High-Rise Buildings Assembled "Lego-Style" in SingaporeBy Engineering360 News Desk | March 01, 2016
Three residential halls at Singapore's Nanyang Technological University (NTU) are being constructed using a new “Lego-style” construction method that allows prefabricated individual rooms to be stacked on top of each other. The 13-storey-high buildings constitute the first public high-rise development in Singapore to be constructed in this manner, with whole rooms—complete with internal fixtures such as lighting, windows and fans—built at a factory and then assembled on-site.
Known as prefabricated pre-finished volumetric construction (PPVC), this building method can save up to 40% in manpower and 20% in construction time, according to NTU. It also reduces noise and dust pollution on-site, as more activities are done remotely.
The 1,660-unit student hostel and apartment accommodation is also the first public high-rise PPVC project in the country to be designed and constructed using Building Information Modeling (BIM), which allows project designers to construct a 3D model in advance to ensure that architectural, mechanical, electrical and structural systems will integrate feasibly. BIM was utilized from design through fabrication and assembly of the PPVC modules.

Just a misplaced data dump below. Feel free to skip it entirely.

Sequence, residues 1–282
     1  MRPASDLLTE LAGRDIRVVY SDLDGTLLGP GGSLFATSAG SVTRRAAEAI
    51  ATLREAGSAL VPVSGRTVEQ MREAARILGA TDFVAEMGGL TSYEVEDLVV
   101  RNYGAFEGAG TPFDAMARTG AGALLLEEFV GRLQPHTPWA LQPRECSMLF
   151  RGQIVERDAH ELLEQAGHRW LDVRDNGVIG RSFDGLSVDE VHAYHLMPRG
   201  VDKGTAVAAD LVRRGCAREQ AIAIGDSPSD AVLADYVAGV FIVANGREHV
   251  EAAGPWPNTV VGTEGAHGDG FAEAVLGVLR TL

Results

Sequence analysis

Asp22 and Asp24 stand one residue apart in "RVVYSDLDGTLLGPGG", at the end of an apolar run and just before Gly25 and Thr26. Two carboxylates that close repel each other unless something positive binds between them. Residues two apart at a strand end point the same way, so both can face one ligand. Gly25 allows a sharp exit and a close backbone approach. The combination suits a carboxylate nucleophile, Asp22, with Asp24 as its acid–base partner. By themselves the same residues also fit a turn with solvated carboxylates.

Although the units are being built at the factory using relatively traditional prefab construction methods, NTU has plans to use PPVC with 3D printing technologies in the future. The university's Singapore Centre for 3D Printing was founded with $100 million in government funding and plans are to develop large-enough printers, and a method for printing concrete, to allow 3D printing of such units in the future.
Use of PPVC, BIM and 3D printing in Singapore's building industry is part of a concerted effort by the city-state to capture efficiencies required to meet anticipated construction demand amid a tightening labor supply. Singapore's aging populace, combined with increased foreign worker levies, has put a premium on the use of technology to enhance laborers' productivity.
In addition to enabling faster construction, the methods also allow for the easy incorporation of sustainable building features, another emerging priority of the Singapore government. Among the green features of the NTU residential halls:
· Using computer modeling of on-site weather patterns, designers were able to harness local winds to ventilate students' living spaces.
· To reduce the need for air-conditioning, all rooms in the residential halls have windows that reflect heat using a special coating and louvers that shield them from the sun.